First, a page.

Six hotels in the spa town of Contrexéville were leased from the French health ministry and converted for use as hospitals or lodging for hospital personnel. Base Hospital 32, originally planned for a capacity of 500 beds, was expanded to 1,250 bed before any American unit reached the town. A medical group from Indianapolis, arriving on 26 December 1917, provided personnel and equipment and began the task of cleaning and preparing the facilities. To provide additional personnel for the increased capacity, the War Department assigned Unit R to join Base Hospital 32. When Allied casualties mounted in September 1918, the hospital was ordered to increase its capacity once again (with no additional personnel) to an “emergency capacity” of 2,115 beds. By the time it was deactivated in February 1919, Base Hospital 32 had admitted 9,698 patients from 31 nations, including 189 German prisoners and many members of the local populace.
In her 24 March 1918 letter to family, Agnes describes the train journey to Contrexéville:
“Enroute across France we passed so many graves of French soldiers – of course the train was speeding along – there were some American soldiers on who had been on the road before – and all of a sudden – they took off their hats and stood with bowed heads – then we saw we were passing an American graveyard – the stars and stripes floating there from. As I say everybody choked up instantly. Nuff said.”
At Contrexéville, Agnes was assigned to Hospital A (Hotel Cosmopolitan), the primary surgical hospital. For much of her time with Base Hospital 32, Agnes worked only with eye injuries. She also had the difficult role of comforting patients when they realized they were blind. In a letter dated 18 May 1918 to her sister Julia, Agnes describes carrying for a local boy – “Capt. Byrnes did an enucleation yesterday morning. A poor French kid about 14 fell on a stick of wood and ruptured the eyeball. The awful part about it, he was totally blind in his left eye and the right could just see enough to get around. Now he is absolutely sightless and also has consumption. I often think what little we fuss about.”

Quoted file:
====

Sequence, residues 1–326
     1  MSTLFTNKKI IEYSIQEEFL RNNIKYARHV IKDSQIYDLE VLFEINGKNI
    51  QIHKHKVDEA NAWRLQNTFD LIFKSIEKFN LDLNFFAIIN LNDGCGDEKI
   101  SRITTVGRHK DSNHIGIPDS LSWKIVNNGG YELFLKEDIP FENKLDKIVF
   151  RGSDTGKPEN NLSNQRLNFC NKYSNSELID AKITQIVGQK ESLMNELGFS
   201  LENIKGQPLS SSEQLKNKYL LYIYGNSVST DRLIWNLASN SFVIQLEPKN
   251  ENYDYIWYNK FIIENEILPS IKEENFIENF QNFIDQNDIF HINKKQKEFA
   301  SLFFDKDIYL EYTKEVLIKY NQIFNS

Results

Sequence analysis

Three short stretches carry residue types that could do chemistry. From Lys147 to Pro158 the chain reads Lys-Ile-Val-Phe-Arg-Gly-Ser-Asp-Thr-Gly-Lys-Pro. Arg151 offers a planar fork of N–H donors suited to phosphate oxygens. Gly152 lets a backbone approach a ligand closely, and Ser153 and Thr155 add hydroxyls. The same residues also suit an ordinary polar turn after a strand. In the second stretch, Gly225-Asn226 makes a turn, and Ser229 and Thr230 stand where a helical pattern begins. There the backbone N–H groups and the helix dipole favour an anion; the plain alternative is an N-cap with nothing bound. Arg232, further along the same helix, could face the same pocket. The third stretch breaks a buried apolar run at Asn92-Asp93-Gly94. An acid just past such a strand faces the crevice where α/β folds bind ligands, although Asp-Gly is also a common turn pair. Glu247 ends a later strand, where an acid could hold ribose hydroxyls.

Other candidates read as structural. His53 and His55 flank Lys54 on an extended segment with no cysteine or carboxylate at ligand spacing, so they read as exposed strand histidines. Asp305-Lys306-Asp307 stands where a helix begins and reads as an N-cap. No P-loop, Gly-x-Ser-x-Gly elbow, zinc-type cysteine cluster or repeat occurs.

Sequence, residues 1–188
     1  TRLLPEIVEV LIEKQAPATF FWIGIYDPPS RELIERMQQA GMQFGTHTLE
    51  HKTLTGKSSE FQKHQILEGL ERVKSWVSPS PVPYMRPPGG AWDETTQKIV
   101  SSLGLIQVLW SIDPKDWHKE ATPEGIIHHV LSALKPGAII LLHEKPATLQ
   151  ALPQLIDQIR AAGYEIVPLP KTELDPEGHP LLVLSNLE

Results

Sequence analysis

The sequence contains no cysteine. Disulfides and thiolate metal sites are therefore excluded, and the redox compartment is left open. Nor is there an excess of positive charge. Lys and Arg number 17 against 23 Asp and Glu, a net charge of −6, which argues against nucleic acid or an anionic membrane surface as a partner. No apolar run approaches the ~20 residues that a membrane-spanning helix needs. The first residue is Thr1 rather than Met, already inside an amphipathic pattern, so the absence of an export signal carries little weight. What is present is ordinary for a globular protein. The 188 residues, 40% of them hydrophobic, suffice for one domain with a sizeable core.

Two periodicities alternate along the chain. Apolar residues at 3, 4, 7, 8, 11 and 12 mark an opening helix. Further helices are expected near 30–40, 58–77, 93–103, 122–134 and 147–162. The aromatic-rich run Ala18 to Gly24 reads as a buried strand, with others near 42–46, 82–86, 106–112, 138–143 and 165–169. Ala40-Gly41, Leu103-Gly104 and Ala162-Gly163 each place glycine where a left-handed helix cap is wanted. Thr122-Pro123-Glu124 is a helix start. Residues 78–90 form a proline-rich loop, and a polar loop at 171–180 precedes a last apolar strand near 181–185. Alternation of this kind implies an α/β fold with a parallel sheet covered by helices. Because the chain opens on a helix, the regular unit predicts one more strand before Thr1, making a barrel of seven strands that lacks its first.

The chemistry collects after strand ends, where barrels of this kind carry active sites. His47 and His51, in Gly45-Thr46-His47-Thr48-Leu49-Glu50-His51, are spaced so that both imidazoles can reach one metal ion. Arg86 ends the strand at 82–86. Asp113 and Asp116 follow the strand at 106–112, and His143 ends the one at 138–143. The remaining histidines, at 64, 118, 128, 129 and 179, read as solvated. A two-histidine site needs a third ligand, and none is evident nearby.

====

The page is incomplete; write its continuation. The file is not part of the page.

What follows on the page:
After the Armistice, Agnes was granted leave from 10 to 16 December 1918, and she traveled with three other Base Hospital 32 nurses -- Madge Baldwin, Philomena Bauer and Bessie Whitaker -- to Lyon, Nice, Monte Carlo, Menton, Grasse, and Paris, returning to Contrexéville, “very tired but full of new and varied ideas of France & the wonderful A.E.F. and Red Cross.”
In December 1918, she describes the special Christmas hosted by for local children:
“The Red Cross had a Christmas tree in a large vacant room in Colonnade yesterday pm for the French children. It sure was entrancing. Needless to say, we stole away from the candy making a while to see those cute kiddos, their eyes snapping like jets. One of our corpsmen acted Santa Claus. They invited all children from 3 yrs. up – were 160. You see for most of them it was their first Christmas as they have not celebrated since the war. Couple of the sisters were there. Each youngster got the usual bag of candy, nuts, a toy and a nice little sweater.”
A few days later, Base Hospital 32 began packing up to go home. As others prepared to leave, Agnes joined 15 other nurses who volunteered to provide temporary relief for nurses at Base Hospital 90 in nearby Chaumont (AEF headquarters.) She served there from 17 January to 5 February 1919.